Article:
Decreasing energy import prices should break the negative trend of the BOP this year
This quarterly update of our macro forecast partially follows the same basic trend as the one presented in our previous forecast report, released in October. However, it includes some important changes regarding key assumptions, real and nominal growth, inflation and the forint’s exchange rate, and mainly the balance of payments. In addition, it also includes our main scenario for 2024 for the first time.
Regarding assumptions, we see two key changes compared to three months ago. The first one has to do with the energy situation, which looks substantially better than previously expected. Mainly, the EU has made great progress in reducing its dependence on energy imports from Russia. It seems increasingly certain that EU countries will be able to weather out this winter without major problems, which also improves prospects for further changes to their mix of energy supplies. Sanctions on Russian oil seem to be working, and gas and oil prices have fallen below pre-war levels. However, energy prices and supply risks equally remain high by historical standards.
The other major change is related to Hungary’s access to new development transfers from the EU. In this regard, material progress has been made, and a lot of the previous uncertainty has been removed. However, increased certainty does not mean a positive change. In practical terms, access to EU funds now seems to be further away than ever, the remaining problems being political, rather than technical. In view of this, our current BOP and budget forecast does not include any new development transfers for this year and 2024; it only counts on transfers expected from non-cohesion funds from the new budget and the remaining part of the 2014-2020 quotas. Thus, the limited chance for a positive breakthrough on the subject represents an upside risk to our scenario.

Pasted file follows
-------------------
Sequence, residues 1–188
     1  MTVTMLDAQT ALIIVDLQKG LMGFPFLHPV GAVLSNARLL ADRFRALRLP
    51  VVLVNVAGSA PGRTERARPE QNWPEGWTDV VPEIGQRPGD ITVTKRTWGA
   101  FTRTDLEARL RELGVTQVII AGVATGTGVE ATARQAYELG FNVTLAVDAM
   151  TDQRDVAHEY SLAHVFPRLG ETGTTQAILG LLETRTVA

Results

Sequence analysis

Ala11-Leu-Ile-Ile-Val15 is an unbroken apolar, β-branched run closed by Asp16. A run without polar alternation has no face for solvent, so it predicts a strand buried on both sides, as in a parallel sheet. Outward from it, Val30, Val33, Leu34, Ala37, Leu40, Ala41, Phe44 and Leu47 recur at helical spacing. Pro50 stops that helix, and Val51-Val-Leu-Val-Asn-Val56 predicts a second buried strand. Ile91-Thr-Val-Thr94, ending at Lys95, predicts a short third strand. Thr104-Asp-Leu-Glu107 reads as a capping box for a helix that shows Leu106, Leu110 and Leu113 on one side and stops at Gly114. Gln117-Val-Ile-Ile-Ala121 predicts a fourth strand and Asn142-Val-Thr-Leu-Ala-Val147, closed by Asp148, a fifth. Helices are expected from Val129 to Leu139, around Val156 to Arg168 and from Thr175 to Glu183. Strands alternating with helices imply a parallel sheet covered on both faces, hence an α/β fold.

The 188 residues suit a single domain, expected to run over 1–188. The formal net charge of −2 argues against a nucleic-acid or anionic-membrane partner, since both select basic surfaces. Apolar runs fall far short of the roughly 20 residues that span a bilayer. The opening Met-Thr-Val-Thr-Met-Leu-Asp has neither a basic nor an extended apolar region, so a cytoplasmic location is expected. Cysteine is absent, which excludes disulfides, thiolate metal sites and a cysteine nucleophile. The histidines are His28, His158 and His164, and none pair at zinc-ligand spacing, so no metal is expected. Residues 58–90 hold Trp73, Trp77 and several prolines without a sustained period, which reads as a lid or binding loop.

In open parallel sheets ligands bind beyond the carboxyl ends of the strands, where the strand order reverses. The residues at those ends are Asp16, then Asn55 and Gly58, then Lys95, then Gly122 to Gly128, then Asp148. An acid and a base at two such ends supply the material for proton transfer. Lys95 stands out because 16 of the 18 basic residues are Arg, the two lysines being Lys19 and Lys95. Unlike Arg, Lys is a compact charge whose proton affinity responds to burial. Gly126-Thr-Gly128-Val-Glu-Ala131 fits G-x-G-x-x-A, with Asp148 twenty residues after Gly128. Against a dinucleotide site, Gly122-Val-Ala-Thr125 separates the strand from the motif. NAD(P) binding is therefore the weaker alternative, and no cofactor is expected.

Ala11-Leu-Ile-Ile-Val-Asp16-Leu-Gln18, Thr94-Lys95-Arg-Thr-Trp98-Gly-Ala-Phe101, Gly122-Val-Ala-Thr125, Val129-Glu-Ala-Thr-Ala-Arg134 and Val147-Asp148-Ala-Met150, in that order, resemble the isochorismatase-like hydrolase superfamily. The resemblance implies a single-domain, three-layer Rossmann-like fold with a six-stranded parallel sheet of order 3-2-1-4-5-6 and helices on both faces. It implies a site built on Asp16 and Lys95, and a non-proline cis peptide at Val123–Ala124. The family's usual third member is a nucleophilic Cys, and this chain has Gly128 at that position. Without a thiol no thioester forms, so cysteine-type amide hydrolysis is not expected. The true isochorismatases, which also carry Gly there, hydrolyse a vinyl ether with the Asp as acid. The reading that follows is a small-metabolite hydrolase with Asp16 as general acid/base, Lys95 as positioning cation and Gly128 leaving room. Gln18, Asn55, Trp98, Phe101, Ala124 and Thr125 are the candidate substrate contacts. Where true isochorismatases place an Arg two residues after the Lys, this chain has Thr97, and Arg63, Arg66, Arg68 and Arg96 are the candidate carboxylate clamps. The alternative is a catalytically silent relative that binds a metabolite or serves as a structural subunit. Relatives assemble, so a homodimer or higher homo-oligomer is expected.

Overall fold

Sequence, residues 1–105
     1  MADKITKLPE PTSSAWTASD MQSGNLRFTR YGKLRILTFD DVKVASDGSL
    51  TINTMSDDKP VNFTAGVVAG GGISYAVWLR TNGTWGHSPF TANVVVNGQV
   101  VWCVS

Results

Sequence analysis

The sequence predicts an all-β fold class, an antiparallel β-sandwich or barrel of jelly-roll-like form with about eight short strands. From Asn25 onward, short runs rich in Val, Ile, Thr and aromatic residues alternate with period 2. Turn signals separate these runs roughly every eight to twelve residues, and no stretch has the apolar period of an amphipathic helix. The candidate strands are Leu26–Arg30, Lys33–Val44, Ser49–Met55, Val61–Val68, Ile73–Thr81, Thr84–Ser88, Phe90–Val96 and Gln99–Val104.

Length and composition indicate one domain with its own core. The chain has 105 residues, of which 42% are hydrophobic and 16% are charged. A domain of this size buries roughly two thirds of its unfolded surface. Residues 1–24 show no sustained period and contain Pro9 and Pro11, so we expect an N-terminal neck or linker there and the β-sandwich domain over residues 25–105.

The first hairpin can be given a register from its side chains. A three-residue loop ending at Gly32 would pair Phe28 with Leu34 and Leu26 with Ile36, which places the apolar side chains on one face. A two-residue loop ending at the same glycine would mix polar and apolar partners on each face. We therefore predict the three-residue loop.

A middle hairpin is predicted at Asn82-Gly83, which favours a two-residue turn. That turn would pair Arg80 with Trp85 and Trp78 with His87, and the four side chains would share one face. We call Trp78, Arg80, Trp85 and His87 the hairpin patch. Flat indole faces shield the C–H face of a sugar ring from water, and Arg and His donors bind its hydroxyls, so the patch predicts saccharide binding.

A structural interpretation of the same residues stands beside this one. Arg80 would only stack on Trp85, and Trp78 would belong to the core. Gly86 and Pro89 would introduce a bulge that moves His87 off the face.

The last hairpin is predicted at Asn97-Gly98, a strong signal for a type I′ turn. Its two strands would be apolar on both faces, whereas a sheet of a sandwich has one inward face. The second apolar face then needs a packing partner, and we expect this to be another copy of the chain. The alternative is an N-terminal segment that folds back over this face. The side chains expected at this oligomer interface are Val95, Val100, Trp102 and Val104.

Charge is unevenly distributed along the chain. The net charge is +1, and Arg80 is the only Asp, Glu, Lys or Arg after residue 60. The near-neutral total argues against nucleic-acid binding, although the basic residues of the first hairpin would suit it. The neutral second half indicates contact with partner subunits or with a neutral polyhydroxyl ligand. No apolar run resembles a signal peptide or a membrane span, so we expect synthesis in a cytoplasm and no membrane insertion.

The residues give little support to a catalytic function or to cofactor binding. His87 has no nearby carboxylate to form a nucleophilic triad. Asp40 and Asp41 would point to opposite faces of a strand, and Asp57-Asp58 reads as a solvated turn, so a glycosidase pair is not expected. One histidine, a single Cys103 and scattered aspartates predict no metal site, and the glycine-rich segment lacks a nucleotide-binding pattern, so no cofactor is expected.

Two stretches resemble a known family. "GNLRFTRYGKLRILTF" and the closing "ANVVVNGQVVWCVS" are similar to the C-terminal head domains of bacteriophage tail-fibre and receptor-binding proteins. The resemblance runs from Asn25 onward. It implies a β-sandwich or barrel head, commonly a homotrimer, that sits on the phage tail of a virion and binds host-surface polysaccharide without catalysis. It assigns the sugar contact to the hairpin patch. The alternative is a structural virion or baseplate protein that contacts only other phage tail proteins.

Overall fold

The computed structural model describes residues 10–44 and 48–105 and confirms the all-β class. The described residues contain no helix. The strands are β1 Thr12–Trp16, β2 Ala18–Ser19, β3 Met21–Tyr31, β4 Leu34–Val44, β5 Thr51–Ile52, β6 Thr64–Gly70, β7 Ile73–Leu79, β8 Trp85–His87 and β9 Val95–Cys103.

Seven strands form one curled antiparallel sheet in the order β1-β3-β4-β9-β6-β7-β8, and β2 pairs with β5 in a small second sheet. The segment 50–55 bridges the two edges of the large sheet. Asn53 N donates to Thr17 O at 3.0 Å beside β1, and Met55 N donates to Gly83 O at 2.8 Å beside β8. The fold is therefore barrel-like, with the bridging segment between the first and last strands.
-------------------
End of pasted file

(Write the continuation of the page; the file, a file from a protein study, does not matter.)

With that said, we expect real GDP growth to end up materially stronger than previously predicted both in 2022 and 2023. For 2022, this is pretty much a fact already, based on stronger-than-expected industrial output and a relatively slow weakening of domestic demand in recent months. However, we still see a recession, although a relatively mild one, for 2023, due to the combination of a really weak H1 with a stronger H2, as inflation and forint interest rates may start to decrease materially only in the latter part of the year. Nominal GDP growth should be even stronger, as the deflator is now likely to be higher than previously expected, which must be good news for fiscal policy.
Reduced energy imports prices, which we regard permanent, though with a safety margin, for purposes of this report, should help a lot in stabilizing domestic prices and the BOP. Inflation is starting 2023 from a very high level, but producer prices have started to show initial improvement, and there is a good chance for CPI-inflation to fall to nearly single-digits by year-end. H2’s massive base effects and improved exchange rate stability should significantly contribute. Unlike previously, we now expect a substantial reduction of the C/A deficit, mainly because of a much smaller energy import bill, this year.